Behind the Yellow Door
Looking out at the old oak tree in my front yard today, I see myself as she is, stripped of all my former beauty by the passing of the seasons.
I know you may find it hard to believe that I once was as beautiful as a Southern Belle and as eloquent and demure as one could ever be. BUT TIME CHANGES EVERYTHING!
I once had a family (Mama and Papa.) I can still hear their voices. And the children, Bobby and Mary Beth, I imagine I see them playing outside the yellow door. Yellow because it is Mama's favourite colour. She says it is the colour of joy.
I know it is just memories that bring them back to me for fleeting moments in my old age, but these memories are all I have left, and they bring me much comfort.
But the truth of the matter is, they are all gone but Mama. Mary Beth grew up and became a journalist, living her dream of globe-trotting. Her Bicycle still stands beneath those barren limbs waiting like me for her return.
I believe it was the sound of silence that fell between Mama and Papa and the soft weeping that crept from their separate bedrooms in the night that finally drove Mary Beth away.
If only one could erase one day in time, it would be that summer morning when Bobby left to go fishing with his buddy, Eddie.
But the fish went on to live another day when one intoxicated individual behind the wheel of a speeding vehicle rounding the bend in the road lost his grip on reality and sent another unsuspecting child of God before his time to Heaven.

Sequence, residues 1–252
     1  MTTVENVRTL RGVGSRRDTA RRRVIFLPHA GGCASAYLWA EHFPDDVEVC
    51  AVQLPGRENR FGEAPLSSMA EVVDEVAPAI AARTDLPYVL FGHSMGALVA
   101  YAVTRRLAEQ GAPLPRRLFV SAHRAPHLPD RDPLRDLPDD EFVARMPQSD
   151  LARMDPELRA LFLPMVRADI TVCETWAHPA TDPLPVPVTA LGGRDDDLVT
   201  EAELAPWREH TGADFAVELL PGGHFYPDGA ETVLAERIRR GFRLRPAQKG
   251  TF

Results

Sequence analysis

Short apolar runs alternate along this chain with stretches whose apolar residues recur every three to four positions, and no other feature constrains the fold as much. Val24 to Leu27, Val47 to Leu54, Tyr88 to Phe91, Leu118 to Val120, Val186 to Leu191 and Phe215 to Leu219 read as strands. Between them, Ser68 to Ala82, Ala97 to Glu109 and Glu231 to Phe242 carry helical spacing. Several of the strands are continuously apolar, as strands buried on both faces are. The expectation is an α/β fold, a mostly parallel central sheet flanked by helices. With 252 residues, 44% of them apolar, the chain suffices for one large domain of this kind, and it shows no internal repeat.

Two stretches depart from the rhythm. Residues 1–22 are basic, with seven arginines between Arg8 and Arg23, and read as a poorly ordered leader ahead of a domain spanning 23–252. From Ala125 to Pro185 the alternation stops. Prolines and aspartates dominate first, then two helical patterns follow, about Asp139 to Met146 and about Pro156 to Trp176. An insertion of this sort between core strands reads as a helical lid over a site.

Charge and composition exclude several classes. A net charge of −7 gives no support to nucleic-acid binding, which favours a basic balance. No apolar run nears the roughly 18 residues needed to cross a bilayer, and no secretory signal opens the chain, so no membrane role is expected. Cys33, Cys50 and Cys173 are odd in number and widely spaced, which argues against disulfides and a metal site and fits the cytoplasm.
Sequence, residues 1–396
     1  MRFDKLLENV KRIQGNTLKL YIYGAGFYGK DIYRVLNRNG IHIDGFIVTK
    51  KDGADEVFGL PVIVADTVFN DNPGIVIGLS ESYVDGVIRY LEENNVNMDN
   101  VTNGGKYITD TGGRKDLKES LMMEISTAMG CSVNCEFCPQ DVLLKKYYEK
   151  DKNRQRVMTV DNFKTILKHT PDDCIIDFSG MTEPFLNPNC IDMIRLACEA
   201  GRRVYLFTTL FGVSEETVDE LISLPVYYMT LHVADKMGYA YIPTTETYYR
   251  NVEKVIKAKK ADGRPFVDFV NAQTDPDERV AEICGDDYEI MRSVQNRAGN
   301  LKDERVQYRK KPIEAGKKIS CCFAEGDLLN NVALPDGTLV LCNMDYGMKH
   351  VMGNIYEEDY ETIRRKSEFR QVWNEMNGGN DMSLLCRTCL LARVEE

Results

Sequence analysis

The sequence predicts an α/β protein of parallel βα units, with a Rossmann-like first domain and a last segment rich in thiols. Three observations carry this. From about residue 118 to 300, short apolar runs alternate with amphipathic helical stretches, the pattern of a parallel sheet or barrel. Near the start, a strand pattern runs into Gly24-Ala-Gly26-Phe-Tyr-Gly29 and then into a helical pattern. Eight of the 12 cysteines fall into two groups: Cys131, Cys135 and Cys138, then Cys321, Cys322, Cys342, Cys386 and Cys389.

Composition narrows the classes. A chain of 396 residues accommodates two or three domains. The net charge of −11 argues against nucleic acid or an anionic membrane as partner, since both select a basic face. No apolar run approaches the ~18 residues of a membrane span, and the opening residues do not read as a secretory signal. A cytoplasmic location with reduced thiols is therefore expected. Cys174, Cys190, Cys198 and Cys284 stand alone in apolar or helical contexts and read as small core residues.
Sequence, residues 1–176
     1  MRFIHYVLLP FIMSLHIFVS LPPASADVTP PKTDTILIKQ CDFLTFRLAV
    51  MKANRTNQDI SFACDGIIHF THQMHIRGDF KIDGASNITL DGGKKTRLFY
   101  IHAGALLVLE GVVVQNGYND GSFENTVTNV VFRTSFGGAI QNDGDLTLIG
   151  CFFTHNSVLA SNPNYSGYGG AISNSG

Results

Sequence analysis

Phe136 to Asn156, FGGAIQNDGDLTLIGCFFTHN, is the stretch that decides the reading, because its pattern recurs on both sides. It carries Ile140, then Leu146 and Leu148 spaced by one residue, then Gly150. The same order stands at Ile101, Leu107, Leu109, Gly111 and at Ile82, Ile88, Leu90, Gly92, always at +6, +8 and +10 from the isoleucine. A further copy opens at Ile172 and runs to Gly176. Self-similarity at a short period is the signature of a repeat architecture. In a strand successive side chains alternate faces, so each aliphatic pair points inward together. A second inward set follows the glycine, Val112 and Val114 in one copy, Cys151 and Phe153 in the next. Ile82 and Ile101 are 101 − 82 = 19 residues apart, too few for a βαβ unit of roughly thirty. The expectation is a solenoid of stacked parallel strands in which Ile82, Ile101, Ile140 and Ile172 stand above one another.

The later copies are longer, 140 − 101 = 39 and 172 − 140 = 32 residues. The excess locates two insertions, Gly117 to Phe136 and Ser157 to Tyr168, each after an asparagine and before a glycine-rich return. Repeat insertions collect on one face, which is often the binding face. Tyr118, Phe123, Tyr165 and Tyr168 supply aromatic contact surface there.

The heavyweight of the grief that followed that tragedy, over time, finally broke through the fabric of the family, leaving a hole that no amount of mending could repair.
Papa's heart finally broke 13 years later. He died on the same day that thirteen-year-old Bobby died.
Mama is still alive, living for those two weeks a year each summer when Mary Beth takes a break from her globe-trotting and comes home. Mary Beth is a well-known journalist now, one year away from her 65th birthday with no thoughts of retiring.
In celebration of these occasions, Mama puts a fresh coat of yellow paint on my door and sits in her rocking chair on my porch, counting the hours and minutes until Mary Beth arrives.
Mama is old and frail now, as am I, and I wonder if she will make it through another winter. And as I look out at those barren limbs on the old oak, I wonder if my door will ever wear another coat of joy.
Author: Elaine Cecelia George
Copyright © Elaine George | Year Posted 2020